Why don't more people eat porridge? I think part of the reason is people think it's difficult. It's not at all but if you make it on the hob it makes no sense to cook it for 1 and the pan ends up pretty mucky. Making it in the microwave solves all of that.
Until March this year, I was commuting for up to 90 minutes morning and night. I'd been working at the site for several months before I realised they served porridge in the canteen. Seeing as I had to leave before 6am to be at work on time; I never had breakfast before I left home. It was such a joy then when the canteen opened and a steaming dish full of thick porridge went onto the counter.
The portions were huge as well. Way too big for me really but I normally finished it anyway and ended up having the smallest snack at lunchtime. That's the great thing about oats, they fill you up.
So, this is a more sensibly sized portion for me but my son (at the age of 3) being a lover of oats would probably eat the same amount. Increase or decrease accordingly (and you might need to change the microwave instructions too.)
Microwave Porridge Oats - Serves 1
1/2 cup, 40g, 1.4oz Porridge Oats - use confirmed wheat free oats if suffering from a gluten allergy*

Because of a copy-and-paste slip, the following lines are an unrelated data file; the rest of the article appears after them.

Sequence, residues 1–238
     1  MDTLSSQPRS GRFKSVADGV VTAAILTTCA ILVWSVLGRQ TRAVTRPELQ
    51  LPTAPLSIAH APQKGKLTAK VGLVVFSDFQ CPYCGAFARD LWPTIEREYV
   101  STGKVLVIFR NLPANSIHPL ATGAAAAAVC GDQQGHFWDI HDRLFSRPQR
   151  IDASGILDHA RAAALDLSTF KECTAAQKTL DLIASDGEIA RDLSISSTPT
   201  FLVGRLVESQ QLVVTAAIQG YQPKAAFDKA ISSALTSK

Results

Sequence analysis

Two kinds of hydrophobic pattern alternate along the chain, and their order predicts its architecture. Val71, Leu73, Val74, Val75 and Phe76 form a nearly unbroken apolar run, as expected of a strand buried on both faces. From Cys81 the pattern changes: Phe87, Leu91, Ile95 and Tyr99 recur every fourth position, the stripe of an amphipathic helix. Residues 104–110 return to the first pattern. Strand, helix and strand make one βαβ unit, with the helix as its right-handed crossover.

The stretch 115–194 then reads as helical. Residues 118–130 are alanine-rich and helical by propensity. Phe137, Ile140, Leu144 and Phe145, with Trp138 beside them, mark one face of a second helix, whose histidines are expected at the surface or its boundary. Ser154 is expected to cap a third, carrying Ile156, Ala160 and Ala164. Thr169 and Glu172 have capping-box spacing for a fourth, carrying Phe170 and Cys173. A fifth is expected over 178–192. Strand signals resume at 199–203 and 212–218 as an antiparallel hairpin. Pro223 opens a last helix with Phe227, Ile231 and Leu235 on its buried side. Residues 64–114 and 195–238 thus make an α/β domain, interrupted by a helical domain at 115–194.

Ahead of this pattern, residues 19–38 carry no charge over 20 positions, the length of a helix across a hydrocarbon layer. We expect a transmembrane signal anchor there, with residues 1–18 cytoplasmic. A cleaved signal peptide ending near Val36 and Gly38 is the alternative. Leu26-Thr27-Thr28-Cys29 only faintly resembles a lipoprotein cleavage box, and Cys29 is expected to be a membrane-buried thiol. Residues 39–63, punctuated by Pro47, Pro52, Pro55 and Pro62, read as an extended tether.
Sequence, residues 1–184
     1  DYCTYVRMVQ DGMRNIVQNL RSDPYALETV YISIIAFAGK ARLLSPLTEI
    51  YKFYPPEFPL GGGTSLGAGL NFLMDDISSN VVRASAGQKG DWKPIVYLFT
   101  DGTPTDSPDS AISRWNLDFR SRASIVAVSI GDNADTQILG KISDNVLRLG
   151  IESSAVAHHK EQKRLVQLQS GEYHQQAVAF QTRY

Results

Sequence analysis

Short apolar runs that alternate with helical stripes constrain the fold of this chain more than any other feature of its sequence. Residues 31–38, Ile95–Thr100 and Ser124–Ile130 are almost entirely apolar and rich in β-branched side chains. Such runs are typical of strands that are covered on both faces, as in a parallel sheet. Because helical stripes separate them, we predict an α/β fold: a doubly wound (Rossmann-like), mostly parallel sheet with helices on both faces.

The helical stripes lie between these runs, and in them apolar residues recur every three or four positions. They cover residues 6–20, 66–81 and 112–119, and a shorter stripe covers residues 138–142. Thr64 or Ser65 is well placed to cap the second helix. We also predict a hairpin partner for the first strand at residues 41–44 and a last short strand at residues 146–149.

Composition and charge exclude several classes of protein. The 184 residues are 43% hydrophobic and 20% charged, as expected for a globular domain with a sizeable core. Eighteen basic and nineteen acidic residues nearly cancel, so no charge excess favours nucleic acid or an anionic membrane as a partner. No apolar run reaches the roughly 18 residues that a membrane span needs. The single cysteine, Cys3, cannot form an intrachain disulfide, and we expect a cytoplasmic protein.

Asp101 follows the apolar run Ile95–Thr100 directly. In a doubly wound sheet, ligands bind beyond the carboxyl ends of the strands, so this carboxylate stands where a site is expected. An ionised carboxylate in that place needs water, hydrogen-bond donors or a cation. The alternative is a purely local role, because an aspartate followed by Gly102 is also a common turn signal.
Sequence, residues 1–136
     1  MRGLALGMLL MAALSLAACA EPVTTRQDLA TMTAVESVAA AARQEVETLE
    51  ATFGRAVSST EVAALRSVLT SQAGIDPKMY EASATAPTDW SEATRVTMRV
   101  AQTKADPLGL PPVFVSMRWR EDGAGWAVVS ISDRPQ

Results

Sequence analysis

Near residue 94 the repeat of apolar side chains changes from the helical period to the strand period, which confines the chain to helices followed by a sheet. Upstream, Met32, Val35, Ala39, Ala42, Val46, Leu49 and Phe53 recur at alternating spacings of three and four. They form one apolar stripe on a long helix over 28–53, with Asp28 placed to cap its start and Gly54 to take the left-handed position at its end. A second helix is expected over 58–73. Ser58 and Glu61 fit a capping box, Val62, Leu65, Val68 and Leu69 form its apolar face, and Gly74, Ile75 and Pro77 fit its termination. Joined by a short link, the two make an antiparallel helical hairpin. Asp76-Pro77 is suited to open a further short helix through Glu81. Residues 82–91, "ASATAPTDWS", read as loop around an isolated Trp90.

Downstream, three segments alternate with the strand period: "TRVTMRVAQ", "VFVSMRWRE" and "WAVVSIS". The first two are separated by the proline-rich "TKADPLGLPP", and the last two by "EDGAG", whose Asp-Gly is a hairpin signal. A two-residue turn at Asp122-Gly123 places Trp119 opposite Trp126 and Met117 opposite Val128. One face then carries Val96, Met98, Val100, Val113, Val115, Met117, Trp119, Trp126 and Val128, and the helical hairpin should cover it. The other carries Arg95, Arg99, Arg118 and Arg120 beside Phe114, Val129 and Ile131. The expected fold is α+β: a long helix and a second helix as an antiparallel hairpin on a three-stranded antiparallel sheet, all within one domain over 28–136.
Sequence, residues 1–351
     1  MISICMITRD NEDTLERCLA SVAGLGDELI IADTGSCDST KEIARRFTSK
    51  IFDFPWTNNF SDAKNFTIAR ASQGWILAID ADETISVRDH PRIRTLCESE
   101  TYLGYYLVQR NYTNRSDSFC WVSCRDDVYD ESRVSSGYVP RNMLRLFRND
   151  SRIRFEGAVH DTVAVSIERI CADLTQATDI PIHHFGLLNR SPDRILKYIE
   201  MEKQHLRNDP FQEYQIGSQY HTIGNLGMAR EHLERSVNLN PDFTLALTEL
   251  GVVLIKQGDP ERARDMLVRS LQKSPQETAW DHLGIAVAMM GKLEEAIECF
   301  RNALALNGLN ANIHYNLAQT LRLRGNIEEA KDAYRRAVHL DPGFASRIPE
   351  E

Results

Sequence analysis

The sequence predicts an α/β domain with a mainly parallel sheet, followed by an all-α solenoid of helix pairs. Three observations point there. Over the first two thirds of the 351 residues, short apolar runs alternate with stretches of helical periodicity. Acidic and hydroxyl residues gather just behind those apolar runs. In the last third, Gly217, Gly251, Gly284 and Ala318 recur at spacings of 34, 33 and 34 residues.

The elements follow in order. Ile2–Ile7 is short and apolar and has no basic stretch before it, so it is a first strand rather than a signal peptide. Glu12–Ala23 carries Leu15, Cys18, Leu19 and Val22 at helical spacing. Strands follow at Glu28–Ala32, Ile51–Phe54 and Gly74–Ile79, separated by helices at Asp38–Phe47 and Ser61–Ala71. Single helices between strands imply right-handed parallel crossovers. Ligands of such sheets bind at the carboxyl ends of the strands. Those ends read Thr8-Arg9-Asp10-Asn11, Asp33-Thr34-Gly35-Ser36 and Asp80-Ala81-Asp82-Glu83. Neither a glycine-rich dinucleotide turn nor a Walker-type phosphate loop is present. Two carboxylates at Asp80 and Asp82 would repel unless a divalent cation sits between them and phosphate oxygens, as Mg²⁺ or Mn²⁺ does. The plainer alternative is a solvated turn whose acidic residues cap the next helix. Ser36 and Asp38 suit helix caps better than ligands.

1 cup, 220ml, 8 fl oz Milk (use full fat for under 2 year olds)
Honey (over 1's only), brown sugar, cinnamon, golden syrup (optional)
In a large jug, mix the oats and milk.
Microwave on full power for 2 minutes, stir then microwave for 3 more minutes. You might need to decrease or increase the cooking time depending on the power of your microwave and how old it is (they tend to lose power over time). Make sure it's bubbling and thick before serving.
Allow to cool, even for adults a little cooling time is needed (it somehow ends up molten!) Add a little cold milk if needed to children's portions to speed this up or if you like it a bit thinner anyway. Just add the milk and whisk it in.
Serve with one of the topping options if liked! (No honey for the under 1s though please.)
This is great for babies who are starting to be on more coarse and mashed foods, i.e. from the age of 6 months. Also because it's pretty sticky, it's a great food to start self feeding with, either with hands or with a spoon. Messy but lots of fun!
After my posts about food thrift last week, it's well worth remembering that you can buy a kilo of porridge oats for 75p and 4 pints, 2.27L of milk for £1. Microwave cooking is very low in energy usage so the total cost of this breakfast, even topped with a tsp of golden syrup (at an additional 2 pence) is less than 15p. Even if you're not choosing to be thrifty, that's surely a good thing!
Keep an eye out on my posts for a "Make it Thrifty" comment at the end. I'm going to start this with new and old posts so anyone on a limited budget can see how to adapt a recipe to make it cheaper to make.
*Note, although oats are naturally gluten free; there is inevitable cross contamination in the field between different grains. You can get some oats which are confirmed as gluten free. If you are on a gluten free diet, look out for these specifically.
I've linked this here.